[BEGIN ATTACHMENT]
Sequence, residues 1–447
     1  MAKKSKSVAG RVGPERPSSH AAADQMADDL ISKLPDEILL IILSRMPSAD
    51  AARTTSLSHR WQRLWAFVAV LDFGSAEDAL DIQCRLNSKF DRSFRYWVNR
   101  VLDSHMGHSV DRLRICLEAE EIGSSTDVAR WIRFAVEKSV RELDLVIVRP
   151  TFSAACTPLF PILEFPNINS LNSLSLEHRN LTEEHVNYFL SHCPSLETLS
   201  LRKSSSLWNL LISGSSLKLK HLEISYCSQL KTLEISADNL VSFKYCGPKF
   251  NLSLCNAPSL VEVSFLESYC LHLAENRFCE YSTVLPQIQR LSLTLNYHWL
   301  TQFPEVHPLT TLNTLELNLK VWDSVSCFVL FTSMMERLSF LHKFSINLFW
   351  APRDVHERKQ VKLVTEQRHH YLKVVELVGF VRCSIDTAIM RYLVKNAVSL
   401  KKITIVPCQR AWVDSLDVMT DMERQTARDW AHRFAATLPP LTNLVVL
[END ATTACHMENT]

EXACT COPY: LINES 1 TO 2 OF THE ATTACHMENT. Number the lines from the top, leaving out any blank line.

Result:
Sequence, residues 1–447
     1  MAKKSKSVAG RVGPERPSSH AAADQMADDL ISKLPDEILL IILSRMPSAD